Few other details: Centcom, which said it plans to release weekly updates on the progress of the withdrawal, "will only be providing an approximate range of the percentage of the exit process that is complete" because of concerns about operational security, according to the release.
The aim: President Biden last month ordered all U.S. troops to be out of Afghanistan by Sept. 11, the 20th anniversary of the terrorist attacks that sparked America's longest war, with the withdrawal officially kicking off last week.
Formal start of final phase of Afghan pullout by US, NATO
KABUL, Afghanistan (AP) — The final phase of ending America's “forever war” in Afghanistan after 20 years formally began Saturday, with the withdrawal of the last U.S. and NATO troops by the end of summer. President Joe Biden had set May 1 as the official start of the withdrawal of the remaining forces — about 2,500-3,500 U.S. troops and about 7,000 NATO soldiers.
Amid the pullout, the Taliban has threatened to resume attacks on U.S. and coalition troops that it largely refrained from after signing a deal with the Trump administration last year that set a withdrawal deadline of this past Saturday.
More stories from The Hill on the withdrawal:
-- , they would roll back rights for women: US intelligence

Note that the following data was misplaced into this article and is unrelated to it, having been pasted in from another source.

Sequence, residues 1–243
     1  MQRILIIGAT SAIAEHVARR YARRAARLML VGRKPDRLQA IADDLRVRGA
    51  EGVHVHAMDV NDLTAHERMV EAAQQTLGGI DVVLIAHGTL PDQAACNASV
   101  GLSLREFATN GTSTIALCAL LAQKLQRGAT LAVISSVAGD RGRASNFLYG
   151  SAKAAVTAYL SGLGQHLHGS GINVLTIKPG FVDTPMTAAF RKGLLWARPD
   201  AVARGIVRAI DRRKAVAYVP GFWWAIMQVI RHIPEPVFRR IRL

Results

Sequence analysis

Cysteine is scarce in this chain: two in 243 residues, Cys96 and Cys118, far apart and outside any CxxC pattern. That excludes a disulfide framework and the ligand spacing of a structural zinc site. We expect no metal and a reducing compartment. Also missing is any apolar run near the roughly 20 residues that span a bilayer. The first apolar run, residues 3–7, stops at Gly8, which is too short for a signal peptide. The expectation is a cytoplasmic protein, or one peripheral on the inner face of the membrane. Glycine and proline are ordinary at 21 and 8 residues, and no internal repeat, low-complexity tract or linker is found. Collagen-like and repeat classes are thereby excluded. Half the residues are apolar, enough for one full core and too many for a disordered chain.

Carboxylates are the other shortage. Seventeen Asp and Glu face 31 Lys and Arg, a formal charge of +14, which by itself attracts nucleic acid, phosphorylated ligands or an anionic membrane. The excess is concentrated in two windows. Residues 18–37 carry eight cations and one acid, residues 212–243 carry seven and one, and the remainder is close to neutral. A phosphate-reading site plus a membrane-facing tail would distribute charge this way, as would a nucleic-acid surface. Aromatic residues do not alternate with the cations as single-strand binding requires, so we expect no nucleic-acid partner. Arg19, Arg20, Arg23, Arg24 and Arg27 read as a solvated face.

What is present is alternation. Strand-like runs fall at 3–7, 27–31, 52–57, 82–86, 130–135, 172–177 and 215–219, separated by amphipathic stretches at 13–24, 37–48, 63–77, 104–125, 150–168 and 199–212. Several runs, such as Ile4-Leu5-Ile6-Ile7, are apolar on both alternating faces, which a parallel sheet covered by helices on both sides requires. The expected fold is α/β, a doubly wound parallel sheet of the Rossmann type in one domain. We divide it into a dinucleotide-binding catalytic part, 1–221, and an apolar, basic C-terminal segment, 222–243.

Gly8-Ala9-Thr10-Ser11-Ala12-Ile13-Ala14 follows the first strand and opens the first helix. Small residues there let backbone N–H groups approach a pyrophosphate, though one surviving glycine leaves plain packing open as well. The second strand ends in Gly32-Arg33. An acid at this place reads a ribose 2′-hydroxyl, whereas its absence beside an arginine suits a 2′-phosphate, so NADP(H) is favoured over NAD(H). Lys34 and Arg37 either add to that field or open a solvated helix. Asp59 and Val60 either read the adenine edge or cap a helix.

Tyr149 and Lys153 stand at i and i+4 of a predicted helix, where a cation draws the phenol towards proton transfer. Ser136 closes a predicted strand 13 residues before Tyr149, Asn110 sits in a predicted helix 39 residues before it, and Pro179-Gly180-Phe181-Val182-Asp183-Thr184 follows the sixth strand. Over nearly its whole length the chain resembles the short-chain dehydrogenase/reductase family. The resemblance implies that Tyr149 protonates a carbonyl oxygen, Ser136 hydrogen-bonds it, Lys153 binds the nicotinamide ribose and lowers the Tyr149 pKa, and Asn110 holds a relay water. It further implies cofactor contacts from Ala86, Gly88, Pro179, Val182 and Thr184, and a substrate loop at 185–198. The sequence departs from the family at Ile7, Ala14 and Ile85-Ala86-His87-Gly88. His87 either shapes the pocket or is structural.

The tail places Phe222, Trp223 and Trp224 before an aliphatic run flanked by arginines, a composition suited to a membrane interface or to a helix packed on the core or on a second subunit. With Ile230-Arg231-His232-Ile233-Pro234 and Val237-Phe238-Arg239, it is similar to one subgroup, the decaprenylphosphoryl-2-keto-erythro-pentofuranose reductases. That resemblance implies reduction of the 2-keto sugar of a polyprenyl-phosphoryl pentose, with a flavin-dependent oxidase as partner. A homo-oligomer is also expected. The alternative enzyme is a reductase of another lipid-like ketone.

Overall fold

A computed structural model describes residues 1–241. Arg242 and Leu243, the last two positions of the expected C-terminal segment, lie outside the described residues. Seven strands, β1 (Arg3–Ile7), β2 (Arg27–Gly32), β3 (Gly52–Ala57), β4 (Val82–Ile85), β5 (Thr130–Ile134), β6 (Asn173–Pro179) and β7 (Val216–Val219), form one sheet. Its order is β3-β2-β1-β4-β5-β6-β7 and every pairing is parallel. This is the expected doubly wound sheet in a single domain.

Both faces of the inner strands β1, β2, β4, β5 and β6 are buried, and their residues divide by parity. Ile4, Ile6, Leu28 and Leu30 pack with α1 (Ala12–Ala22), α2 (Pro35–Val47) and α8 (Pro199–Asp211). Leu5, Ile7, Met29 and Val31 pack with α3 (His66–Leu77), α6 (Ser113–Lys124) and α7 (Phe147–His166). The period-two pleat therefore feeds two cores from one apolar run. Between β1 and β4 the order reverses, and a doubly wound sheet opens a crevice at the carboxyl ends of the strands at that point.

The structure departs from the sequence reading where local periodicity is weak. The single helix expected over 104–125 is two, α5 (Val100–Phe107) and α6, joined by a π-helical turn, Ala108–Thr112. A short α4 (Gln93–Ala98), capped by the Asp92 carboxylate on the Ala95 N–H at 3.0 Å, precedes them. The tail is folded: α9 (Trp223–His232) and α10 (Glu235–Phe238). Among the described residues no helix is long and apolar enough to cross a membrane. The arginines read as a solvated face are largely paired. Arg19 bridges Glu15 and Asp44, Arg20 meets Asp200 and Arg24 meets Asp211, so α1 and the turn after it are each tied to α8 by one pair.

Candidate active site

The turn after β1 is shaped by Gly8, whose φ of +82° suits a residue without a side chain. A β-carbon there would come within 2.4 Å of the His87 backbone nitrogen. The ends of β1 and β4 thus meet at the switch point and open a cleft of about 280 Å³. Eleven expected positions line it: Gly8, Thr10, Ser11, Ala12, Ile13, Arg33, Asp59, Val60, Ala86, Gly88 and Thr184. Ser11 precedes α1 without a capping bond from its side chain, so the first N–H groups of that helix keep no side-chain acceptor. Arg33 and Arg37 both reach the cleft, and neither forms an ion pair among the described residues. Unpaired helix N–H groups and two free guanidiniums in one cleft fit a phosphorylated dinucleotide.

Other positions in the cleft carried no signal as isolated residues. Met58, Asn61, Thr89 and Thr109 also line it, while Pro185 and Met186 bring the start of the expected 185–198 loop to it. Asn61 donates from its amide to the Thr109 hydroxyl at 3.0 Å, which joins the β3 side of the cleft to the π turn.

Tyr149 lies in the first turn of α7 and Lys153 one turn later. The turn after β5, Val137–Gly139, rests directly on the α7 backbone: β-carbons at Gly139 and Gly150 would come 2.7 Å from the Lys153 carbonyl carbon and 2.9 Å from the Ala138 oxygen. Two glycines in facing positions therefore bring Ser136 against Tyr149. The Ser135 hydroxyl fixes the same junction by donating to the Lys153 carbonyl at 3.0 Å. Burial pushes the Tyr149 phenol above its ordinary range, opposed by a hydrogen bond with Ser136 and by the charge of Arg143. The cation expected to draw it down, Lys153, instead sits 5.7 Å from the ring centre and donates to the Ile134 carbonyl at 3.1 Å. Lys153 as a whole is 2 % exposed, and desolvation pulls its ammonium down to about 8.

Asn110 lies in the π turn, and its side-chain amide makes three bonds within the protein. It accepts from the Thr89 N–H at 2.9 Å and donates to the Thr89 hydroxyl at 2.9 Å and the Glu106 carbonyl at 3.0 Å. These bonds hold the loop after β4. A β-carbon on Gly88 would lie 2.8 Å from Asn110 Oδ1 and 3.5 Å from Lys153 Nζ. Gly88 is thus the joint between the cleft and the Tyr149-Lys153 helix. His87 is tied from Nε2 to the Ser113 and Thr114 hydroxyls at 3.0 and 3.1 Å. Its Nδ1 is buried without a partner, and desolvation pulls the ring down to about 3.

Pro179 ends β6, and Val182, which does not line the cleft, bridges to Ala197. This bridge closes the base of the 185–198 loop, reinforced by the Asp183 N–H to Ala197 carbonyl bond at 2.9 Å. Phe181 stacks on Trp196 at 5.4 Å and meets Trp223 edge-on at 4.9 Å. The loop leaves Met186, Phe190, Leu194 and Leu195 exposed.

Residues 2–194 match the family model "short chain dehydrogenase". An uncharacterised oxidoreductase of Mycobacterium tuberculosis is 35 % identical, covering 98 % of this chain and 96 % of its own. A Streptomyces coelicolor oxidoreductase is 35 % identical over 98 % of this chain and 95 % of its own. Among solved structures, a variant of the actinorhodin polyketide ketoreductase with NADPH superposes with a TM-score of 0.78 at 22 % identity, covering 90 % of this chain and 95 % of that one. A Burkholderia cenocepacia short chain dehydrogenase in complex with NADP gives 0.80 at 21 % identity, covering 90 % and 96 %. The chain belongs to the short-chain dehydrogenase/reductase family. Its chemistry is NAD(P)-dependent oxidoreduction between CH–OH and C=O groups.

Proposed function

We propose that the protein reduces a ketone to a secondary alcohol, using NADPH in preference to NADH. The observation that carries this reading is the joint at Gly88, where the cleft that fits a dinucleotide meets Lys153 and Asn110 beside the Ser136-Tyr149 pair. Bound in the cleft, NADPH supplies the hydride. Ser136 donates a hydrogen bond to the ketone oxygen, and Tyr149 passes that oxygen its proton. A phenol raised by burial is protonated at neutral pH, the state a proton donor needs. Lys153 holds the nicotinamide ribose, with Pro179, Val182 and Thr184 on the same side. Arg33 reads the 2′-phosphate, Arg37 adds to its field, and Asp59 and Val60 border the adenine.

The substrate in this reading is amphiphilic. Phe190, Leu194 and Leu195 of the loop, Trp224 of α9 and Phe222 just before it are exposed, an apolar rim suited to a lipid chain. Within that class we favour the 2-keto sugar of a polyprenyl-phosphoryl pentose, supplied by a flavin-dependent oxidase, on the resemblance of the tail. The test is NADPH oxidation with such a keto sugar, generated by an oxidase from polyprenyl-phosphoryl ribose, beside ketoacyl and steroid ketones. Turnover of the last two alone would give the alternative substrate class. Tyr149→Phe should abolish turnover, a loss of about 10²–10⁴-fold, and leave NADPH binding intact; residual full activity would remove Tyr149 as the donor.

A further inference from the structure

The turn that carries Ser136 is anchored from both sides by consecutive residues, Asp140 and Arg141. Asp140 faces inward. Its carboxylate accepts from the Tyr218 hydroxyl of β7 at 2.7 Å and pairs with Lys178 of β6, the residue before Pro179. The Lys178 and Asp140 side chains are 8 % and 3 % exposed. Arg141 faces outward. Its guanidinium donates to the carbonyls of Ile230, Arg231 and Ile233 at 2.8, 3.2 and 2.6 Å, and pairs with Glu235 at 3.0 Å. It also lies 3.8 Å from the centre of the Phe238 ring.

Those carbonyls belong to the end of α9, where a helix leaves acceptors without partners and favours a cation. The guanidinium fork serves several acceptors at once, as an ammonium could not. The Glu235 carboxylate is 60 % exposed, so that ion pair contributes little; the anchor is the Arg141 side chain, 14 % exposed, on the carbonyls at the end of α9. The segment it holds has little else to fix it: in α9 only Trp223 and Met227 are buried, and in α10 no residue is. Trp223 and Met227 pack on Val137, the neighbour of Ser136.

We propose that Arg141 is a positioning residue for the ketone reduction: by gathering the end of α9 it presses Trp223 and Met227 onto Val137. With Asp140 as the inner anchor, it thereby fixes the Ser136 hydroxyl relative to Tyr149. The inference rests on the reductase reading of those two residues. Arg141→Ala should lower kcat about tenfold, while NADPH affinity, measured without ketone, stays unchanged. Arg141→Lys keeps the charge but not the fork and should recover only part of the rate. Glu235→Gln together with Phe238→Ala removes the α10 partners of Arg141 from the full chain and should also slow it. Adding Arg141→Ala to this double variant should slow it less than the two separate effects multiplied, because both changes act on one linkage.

-- after missed deadline for US troop withdrawal
-- Afghan president: security funding commitments
WISCONSIN NATIONAL GUARD MEMBER CHARGED IN CAPITOL RIOT
A member of the Wisconsin National Guard has been at the U.S. Capitol.
Abram Markofski was arrested Monday and faces four charges in relation to the riots, the .
A spokesperson for the Wisconsin National Guard that Markofski joined the Guard in 2019 and is a private first-class in the 1st Battalion, 128th Infantry.
Congress demands answers on Afghanistan withdrawal
By law the defense secretary must submit a detailed report to Congress regarding the effects of withdrawal on key U.S. interests. Under the law, Secretary of Defense Lloyd Austin is required to submit the report when the total number of forces in Afghanistan drops below 2,000 troops.The United States is likely to hit that mark quite soon. There are roughly 2,500 service members in Afghanistan now - and that number may come down quickly.